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Infant Mortality--The Lesser Known Reliability Issue

Infant Mortality--The Lesser Known Reliability Issue,10.1109/IOLTS.2007.40,T. M. Mak

Infant Mortality--The Lesser Known Reliability Issue   (Citations: 1)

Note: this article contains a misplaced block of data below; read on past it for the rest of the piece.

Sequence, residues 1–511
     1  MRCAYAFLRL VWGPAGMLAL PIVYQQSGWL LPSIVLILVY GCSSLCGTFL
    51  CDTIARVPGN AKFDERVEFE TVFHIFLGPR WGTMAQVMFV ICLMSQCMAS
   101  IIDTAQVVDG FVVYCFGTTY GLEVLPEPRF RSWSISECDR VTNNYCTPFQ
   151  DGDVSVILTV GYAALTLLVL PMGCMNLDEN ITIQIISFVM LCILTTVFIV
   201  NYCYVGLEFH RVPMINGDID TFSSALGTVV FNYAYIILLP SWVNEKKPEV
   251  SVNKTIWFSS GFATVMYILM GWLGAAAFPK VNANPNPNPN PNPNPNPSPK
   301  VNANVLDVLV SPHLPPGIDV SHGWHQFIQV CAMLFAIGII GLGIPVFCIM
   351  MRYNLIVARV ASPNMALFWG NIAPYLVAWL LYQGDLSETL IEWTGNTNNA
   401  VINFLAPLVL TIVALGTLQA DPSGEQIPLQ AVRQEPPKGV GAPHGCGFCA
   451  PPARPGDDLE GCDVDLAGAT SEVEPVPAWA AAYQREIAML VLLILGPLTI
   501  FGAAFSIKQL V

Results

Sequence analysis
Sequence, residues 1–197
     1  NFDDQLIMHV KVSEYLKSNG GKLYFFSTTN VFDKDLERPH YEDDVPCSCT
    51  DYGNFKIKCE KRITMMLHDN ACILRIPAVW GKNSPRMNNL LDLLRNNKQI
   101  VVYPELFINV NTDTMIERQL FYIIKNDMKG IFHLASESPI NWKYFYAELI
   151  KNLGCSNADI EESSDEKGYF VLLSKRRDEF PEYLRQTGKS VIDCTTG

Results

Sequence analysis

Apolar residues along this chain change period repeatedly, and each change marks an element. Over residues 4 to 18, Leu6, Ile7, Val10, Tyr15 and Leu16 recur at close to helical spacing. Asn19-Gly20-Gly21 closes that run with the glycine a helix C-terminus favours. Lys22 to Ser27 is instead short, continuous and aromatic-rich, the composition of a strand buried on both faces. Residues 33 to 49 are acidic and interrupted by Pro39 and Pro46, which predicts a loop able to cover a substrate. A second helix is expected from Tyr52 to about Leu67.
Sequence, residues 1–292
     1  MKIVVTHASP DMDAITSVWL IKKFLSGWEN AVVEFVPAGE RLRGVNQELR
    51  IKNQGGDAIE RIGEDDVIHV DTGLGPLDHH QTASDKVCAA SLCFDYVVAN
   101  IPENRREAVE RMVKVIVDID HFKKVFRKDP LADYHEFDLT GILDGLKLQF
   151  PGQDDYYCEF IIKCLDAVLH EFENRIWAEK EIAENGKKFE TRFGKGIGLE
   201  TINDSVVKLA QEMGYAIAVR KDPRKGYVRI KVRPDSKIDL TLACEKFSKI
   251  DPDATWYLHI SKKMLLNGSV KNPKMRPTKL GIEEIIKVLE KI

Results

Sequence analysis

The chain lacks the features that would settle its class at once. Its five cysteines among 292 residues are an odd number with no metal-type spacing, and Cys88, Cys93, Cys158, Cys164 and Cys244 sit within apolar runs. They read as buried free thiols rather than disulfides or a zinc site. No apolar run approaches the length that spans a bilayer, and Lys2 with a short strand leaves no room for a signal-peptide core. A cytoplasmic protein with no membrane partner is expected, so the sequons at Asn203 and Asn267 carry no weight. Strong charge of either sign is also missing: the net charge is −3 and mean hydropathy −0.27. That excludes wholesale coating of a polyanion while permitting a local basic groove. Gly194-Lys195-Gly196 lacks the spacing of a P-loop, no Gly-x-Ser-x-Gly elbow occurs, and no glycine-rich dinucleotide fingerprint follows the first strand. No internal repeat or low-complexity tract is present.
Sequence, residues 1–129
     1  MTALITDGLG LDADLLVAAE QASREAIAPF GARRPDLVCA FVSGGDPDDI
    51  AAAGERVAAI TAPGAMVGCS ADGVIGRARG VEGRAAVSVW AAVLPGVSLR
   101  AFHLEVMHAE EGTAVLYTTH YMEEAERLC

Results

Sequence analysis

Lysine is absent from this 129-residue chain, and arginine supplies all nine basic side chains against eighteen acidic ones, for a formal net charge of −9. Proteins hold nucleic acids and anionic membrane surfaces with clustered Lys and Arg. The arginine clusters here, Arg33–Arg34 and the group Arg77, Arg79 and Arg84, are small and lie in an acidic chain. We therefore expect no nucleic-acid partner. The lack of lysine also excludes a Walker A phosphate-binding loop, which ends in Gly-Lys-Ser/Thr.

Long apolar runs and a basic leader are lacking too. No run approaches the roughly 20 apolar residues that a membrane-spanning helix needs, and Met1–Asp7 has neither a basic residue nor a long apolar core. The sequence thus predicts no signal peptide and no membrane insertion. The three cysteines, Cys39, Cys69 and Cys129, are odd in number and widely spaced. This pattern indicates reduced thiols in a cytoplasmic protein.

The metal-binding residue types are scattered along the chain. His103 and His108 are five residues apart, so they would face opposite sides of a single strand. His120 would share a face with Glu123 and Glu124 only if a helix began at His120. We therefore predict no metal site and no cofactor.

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Infant Mortality problems have been around for a long time (maybe that is why sometimes we have a shorter warranty period for many electronic products). Anyway, the explanation of infant mortality is that these are left over (or latent) defects. Defects that do not necessarily expose themselves and they can skip by all the manufacturing tests, including system test. However, with electrical and thermal stresses during use, they will eventually degrade to cause a significant functionality problem and will result as a failed system in the field. Product may last for hours to months if such a latent defect is trapped within. Since field failures are undesirable and field failures have to be below a certain level so as not to create general customer resentment, some kind of infant mortality acceleration is needed. Burn-in is the process to accelerate these latent defects that eventually will lead to infant mortality failures. The same electrical and thermal stress is applied to the chip during the burn-in test step, though at a much elevated level such that months to years of life time of the product is consumed in hours. Hence these latent defects will be detected and screened within the manufacturing test flow and will not be shipped to customers. So, if this is a production worthy process and has been used extensively in many kinds of chip manufacturing, why is there a problem? The issue is that scaling has created very short channel transistors and very thin gate oxide. These shorter channel transistors bring along higher electrical field around the source-drain and create hot electrons which lead to gate damage and shortening the life of the transistors. Higher Vcc also cause more stress to the gate oxide and can cause more soft-breakdown. The electrical and thermal acceleration essentially exacerbate this wearout effect, even though it reduces infant mortality. We are therefore trading one type of reliability for another. Process change (like changeover to a diffe- - rent gate stack) would push back this wearout effect by a generation, but the drive to scale to ever smaller devices will continue and the problem may come back. Lowering Vcc will likely contain the long term wearout effect but it will hurt performance and voltage scaling has already slowed down substantially in recent years. Traditional solution of placing test guardband into manufacturing test will not be cost effective in the long run, especially facing a competitive environment. It is likely that we need both circuit and architectural level solutions to deal with this. Will online testing or fault tolerance come to the rescue? Will fault tolerant techniques be sufficient for dealing with infant mortality problem? Will these high reliability system features eventually move into main stream computing products? Or better yet, will we have latent defect acceleration or screening without the ill effect of degrading long term lifetime of our product? All of these remain to be answered.
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